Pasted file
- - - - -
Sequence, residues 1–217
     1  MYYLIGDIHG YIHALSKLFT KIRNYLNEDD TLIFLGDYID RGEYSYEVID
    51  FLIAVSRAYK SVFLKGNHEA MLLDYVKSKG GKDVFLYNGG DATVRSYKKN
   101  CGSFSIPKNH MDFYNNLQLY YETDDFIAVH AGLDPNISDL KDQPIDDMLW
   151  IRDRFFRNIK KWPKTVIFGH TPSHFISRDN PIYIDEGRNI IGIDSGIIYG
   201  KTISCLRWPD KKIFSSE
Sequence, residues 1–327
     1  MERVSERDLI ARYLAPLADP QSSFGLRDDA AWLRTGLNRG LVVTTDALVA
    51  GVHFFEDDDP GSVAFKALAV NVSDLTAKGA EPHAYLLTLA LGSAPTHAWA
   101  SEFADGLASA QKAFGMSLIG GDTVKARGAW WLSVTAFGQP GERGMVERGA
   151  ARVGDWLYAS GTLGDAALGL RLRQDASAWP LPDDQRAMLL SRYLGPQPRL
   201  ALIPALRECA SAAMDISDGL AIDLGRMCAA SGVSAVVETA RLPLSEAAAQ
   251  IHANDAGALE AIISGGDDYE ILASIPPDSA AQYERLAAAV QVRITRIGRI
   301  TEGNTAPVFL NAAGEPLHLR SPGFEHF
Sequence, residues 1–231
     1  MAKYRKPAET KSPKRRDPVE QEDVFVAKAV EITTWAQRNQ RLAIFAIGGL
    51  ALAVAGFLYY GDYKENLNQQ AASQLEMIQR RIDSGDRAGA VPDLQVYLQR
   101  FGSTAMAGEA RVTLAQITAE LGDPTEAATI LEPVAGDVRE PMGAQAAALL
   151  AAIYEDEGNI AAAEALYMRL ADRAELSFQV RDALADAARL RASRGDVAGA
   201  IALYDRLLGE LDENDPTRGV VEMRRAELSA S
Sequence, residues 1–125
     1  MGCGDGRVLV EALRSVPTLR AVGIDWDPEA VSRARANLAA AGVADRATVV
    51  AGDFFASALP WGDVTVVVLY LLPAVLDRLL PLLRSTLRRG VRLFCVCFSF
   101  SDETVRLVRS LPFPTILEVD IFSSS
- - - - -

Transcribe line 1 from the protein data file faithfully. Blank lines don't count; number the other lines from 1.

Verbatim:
Sequence, residues 1–217